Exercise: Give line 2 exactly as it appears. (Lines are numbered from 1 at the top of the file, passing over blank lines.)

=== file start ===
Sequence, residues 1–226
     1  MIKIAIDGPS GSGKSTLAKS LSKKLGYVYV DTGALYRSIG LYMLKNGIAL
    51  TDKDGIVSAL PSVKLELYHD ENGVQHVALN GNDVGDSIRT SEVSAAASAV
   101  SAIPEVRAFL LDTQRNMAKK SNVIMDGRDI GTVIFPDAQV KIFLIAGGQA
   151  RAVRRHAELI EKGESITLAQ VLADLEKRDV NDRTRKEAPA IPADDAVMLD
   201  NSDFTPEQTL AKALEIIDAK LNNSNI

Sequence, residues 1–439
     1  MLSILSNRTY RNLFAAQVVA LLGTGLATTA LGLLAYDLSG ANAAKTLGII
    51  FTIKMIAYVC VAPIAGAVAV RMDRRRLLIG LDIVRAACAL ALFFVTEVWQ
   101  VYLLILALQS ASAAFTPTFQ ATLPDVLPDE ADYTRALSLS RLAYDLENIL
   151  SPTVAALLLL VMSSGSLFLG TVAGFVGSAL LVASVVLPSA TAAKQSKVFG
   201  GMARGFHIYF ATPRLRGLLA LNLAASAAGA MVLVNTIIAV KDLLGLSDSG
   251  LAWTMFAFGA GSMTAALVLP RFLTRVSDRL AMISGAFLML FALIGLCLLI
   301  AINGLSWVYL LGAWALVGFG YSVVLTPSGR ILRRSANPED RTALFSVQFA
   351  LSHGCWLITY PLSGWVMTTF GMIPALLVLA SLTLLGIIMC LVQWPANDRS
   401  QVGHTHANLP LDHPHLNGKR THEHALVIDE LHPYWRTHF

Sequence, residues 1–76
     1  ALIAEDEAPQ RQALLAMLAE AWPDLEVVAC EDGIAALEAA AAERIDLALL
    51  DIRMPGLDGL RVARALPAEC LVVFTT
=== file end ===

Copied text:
     1  MIKIAIDGPS GSGKSTLAKS LSKKLGYVYV DTGALYRSIG LYMLKNGIAL